(Note: Since the publication of this report card several states have come to us with additional information or made changes that would affect their score. Details are available below.)
|State||Completeness||Timeliness||Ease of Access||Machine Readibility||Standards||Permanence||Grade|
|District of Columbia||0||0||0||0||0||1||C|
Each state was evaluated in six categories based largely on the Ten Principles For Opening Up Government Information. Each score is based on at least two members of staff and a volunteer during our state survey. Additionally, state legislatures were contacted (unless noted in their score) to ensure that our information on bulk data availability and timeliness was as accurate as possible.
The specific criteria for each category are as follows:
We evaluated each state on the data collected by Open States: bills, legislators, committees, votes and events. We also took note if a state went above and beyond to provide this information and other relevant contextual information such as supporting documents, legislative journals and schedules. Points were deducted for missing data, often roll call votes.
Legislative information is most relevant when it happens, and many states are publishing information in real time. Unfortunately, there are also states where updates are more infrequent and showing up days after a legislative action took place. States were dinged if data took more than 48 hours to go online.
For many sites, the Open States team wrote scrapers to collect legislative information from the website code—a slow, tedious and error prone process. We collected data faster and more reliably when data was provided in a machine-readable format such as XML, JSON, CSV or via bulk downloads. If a state posted PDF image files or scanned documents, it received the lowest score possible.
Because our ability to access most of a state’s data is represented by the above “Machine Readability” metric, we decided to use this provision to measure how a state made their bill text available. Making text available in HTML or PDF is the norm, and was considered an acceptable commonly owned standard (PDFs are a commonly owned standard, but it would be certainly nice to see alternative options where bill text is only available via PDF). States that only make documents available in Microsoft Word or Wordperfect formats require an individual to purchase expensive software or rely on free alternatives that may not preserve the correct formatting. It is worth noting, all states except for two met the common criteria of providing HTML and/or PDF only, one state (Kansas) went above and beyond and another (Kentucky) did not even meet this threshold.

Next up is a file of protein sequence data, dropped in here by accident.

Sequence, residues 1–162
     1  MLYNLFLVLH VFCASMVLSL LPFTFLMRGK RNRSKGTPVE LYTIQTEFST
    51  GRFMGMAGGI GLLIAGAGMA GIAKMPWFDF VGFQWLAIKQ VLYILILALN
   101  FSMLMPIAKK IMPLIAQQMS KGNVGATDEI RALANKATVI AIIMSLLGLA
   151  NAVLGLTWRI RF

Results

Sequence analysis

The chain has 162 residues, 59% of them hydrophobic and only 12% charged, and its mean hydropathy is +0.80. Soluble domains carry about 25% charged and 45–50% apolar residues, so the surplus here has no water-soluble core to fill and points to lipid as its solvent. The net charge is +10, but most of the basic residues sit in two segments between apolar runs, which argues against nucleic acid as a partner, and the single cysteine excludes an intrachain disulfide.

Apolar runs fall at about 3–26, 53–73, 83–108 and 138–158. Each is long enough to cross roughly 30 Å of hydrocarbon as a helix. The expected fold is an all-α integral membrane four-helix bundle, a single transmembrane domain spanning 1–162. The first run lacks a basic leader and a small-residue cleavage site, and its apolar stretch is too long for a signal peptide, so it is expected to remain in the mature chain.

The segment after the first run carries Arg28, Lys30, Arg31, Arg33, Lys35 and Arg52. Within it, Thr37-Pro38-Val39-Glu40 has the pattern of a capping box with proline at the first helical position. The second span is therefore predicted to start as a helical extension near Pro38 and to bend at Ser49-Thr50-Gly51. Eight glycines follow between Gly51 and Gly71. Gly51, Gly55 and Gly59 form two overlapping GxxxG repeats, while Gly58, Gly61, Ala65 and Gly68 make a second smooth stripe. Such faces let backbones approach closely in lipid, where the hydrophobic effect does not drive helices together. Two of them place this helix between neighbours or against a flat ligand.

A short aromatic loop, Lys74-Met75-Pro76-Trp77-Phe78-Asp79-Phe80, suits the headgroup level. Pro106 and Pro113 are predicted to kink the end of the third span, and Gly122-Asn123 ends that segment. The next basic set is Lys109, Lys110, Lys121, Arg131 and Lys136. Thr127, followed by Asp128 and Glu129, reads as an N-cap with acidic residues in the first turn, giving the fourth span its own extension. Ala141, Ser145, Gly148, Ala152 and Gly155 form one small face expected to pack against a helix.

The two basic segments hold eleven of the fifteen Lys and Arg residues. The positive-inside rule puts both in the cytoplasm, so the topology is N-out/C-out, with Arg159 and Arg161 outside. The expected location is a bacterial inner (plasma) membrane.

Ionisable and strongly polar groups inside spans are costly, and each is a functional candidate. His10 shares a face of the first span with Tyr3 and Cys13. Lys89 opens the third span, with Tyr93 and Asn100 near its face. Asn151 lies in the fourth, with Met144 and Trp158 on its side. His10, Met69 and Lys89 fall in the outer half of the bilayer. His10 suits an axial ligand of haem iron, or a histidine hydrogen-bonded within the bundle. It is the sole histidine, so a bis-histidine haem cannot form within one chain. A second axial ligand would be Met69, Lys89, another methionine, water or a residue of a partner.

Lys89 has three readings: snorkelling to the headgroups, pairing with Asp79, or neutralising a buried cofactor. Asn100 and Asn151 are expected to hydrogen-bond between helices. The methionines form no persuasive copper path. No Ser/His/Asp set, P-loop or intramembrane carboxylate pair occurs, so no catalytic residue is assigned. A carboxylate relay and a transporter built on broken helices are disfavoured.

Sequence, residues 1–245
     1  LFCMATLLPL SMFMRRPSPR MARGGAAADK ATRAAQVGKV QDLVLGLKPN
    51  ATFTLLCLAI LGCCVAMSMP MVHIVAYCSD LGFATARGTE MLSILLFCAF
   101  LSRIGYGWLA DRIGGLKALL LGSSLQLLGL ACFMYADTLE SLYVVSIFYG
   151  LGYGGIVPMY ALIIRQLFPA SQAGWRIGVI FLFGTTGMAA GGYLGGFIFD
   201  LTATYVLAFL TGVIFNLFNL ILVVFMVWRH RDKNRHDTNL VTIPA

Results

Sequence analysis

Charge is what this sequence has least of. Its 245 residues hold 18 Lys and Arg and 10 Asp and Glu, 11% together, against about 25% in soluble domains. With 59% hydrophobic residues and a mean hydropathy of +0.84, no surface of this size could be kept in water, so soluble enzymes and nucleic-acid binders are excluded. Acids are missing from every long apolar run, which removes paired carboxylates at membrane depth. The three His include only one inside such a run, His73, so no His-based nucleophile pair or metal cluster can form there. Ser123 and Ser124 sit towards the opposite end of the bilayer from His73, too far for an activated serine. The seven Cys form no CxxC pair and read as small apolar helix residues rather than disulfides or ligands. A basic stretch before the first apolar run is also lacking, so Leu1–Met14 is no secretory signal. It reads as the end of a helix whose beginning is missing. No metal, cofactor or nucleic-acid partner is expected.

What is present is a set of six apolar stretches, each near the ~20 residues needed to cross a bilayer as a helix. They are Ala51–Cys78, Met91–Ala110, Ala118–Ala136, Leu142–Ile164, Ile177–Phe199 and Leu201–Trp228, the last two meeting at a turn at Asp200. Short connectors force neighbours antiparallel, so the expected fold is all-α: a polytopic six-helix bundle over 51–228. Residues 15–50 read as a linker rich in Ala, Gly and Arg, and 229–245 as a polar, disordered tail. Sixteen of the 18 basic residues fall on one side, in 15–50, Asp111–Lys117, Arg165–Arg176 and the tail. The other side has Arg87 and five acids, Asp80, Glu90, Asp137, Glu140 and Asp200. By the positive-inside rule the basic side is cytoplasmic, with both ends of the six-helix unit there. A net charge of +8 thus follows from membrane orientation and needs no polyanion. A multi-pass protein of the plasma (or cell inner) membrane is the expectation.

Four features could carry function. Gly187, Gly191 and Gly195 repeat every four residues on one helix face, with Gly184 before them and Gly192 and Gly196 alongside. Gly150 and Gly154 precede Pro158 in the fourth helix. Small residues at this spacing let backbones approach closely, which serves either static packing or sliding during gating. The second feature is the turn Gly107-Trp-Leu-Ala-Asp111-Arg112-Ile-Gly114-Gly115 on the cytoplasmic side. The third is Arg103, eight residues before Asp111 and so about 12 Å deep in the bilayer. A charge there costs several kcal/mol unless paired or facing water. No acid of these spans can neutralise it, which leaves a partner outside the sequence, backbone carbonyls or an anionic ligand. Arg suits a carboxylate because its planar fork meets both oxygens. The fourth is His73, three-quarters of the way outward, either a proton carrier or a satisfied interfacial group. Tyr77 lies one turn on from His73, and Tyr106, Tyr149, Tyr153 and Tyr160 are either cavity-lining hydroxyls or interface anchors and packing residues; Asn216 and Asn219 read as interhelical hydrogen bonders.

Many states move or remove information when a new session starts, much to the dismay of citizens seeking information on old proposals and researchers that may have cited a link (e.g. http://somelegislature.gov/HB1 vs http://somelegislature.gov/2011/HB1) only to see it point to a different bill in the following session. Tim Berners-Lee, inventor of the World Wide Web, wrote an article declaring Cool URIs Don’t Change and we agree.
This poses a particular challenge to us since every page on OpenStates.org points to the page we collected data from, but if a state changes their site then users lose the ability to check us against the original source. Most (but not all) states are good about at least preserving bill information, but few were equally as good about preserving information about out-of-office legislators and historical committees, equally important parts of the legislative process.
Since the initial publication of this report card on March 11th, 2013 some states have provided us with additional information or made changes in response that have affected their score. These changes are reflected below and noted on the report card itself.
Rhode Island - On March 12th, 2013 we confirmed with Rhode Island IT staff that data is updated in real-time, not weekly as we had initially been told. This information raised their score by 2 points, bringing them into the 'D' class.
New York - On March 12th, 2013 New York Senate staff reached out and clarified their update policy, raising their score by a point and putting them into the 'A' class. A better API was also pointed out to us, which may affect their machine readability score in the future.
Virginia - On March 22nd, 2013 Virginia Legislature staff clarified their update policy, raising their score by a point and putting them into the 'A' class. There is also potential that a coming change to their data availability will raise their score further.
Colorado - On March 22nd, 2013 it was determined via discussion with an IT manager from the Colorado Legislature that the bills that went missing were site errors and no actual data was affected. This made a large change in Colorado's Timeliness score, raising Colorado from an F to a C.